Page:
By Ruby Gower, Staff Writer 

As your grandpa loves to say, “when you assume, you make an ass out of you and me.” The problem with assumptions is that they are frequently harmful and not based in  fact. Assumptions limit people’s careers, cause interpersonal conflict, and can be damaging to the psyches of many different marginalized groups. So how do assumptions play out on the University of Toronto campus, and what does that say about our school culture? 

For this groundbreaking piece of research, I decided to dress up in four drastically different outfits, and then walk the hallowed grounds of the University campus, asking people what they thought my major was. It’s dress-up and annoying people and science! I couldn’t ask for a better research method.

As a cute and dainty first year, I don’t have an official major yet, but I’m an aspiring film and international relations double major. For my experiment, I decided to award points to those who guessed correctly, resulting in a final score that would represent the total number of accurate guesses.

In order to protect anonymity, I’ve changed the names of the people I interviewed to the names of my favourite cartoon characters as a child. Or I just found the students with the best names and exclusively interviewed them. Up to you.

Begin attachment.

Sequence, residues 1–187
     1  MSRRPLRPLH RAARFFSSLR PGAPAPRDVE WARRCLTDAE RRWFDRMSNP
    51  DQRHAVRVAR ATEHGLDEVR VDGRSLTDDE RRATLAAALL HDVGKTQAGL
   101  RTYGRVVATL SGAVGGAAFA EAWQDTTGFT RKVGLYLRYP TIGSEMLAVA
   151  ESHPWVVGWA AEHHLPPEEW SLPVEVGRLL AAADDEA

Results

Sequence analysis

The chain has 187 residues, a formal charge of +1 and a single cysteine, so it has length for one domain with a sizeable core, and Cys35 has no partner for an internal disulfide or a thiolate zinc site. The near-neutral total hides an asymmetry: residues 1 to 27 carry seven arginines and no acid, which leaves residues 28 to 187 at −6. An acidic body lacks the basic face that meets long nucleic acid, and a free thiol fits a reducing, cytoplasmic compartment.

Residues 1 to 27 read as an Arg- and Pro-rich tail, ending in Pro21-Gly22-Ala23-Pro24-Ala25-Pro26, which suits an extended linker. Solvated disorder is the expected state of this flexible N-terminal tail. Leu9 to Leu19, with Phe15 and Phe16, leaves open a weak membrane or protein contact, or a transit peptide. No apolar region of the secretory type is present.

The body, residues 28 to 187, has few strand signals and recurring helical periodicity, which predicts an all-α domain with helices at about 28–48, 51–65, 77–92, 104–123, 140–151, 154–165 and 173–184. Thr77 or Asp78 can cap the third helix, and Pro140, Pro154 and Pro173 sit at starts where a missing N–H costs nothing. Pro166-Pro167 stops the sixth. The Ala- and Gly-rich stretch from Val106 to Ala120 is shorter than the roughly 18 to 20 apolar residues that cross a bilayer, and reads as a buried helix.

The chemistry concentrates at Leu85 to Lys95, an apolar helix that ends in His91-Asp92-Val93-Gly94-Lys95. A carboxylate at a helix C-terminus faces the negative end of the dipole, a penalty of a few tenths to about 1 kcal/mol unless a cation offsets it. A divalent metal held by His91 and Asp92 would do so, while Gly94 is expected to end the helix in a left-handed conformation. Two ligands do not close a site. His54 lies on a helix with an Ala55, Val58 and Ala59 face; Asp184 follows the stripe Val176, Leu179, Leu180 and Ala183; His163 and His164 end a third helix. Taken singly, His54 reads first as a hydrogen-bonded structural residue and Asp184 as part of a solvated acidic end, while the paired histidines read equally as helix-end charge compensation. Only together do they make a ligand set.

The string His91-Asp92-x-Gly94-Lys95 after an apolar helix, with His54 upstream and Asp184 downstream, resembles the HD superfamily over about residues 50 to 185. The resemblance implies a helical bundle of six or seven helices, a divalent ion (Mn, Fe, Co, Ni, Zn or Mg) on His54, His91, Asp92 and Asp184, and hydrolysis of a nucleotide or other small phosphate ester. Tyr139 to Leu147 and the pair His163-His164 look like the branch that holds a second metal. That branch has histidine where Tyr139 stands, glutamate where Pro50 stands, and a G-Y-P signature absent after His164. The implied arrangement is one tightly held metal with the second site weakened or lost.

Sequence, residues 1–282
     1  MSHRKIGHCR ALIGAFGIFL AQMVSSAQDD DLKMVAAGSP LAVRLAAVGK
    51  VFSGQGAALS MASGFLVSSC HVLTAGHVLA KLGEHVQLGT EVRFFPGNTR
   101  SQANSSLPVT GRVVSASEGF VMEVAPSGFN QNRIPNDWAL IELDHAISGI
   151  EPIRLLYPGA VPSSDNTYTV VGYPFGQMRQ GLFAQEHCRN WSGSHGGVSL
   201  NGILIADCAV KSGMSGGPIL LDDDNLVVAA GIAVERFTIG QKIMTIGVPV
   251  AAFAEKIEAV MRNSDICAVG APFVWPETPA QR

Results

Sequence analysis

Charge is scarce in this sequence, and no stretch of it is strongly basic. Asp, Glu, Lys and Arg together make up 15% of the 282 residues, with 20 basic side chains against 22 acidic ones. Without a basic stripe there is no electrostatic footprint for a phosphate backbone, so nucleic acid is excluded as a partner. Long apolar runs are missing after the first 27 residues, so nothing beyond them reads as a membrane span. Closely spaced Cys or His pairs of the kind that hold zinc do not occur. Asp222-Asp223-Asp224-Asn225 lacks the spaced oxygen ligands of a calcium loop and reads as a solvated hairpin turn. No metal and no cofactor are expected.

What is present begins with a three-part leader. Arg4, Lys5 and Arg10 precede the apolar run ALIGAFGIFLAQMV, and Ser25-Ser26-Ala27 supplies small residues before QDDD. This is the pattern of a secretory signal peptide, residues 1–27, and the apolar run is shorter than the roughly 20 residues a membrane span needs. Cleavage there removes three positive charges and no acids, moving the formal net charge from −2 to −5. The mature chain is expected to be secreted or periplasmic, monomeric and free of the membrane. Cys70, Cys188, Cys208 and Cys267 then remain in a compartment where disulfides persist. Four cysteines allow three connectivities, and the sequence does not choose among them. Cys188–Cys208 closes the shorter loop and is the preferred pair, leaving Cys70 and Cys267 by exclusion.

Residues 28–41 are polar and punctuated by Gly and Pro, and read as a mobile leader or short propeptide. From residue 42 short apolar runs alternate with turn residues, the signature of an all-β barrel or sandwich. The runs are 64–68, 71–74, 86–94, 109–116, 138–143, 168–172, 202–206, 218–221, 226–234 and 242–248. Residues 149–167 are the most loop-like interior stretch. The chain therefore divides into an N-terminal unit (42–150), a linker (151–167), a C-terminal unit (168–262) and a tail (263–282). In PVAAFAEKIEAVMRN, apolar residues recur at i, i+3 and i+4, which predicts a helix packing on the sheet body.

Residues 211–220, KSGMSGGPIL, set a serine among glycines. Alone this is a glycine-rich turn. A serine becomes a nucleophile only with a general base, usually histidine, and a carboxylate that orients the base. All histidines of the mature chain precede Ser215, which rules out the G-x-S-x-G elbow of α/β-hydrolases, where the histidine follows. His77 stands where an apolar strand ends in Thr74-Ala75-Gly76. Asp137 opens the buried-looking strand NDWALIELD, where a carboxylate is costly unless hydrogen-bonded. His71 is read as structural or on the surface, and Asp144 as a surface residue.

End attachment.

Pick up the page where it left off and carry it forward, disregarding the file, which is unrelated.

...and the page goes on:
To start, a good experiment needs a control. This is the outfit I wear for lectures, watching seven hours of Sarah Paulson interviews, and going to the deli near my house that charges $8 for a bottle of water. I will admit it is evident  that I did not know what to do with my hands, a theme that you might notice persists throughout this adventure.

Stepping onto campus as a certified Normal Girl, I was expecting this outfit to get the widest variety of responses, and I was right. 

Rainbow Dash, 1st year, film major: “Definitely social sciences.” 

I asked her to be more specific and she said psychology. She wasn’t alone; six other people guessed psychology throughout the course of the day. When I asked her to explain why she thought that, she said: “You kind of have a sciencey vibe, but not full STEM, like, you have a little artsiness in you.” This is interesting, as 80% of psychology undergrads are women, a number that has been steadily climbing over the past few years. Could Rainbow Dash’s description of it being “not full STEM” be tied to its societal perception of being a degree “for women”? 

Final score: 3 points: 3 film, 0 IR.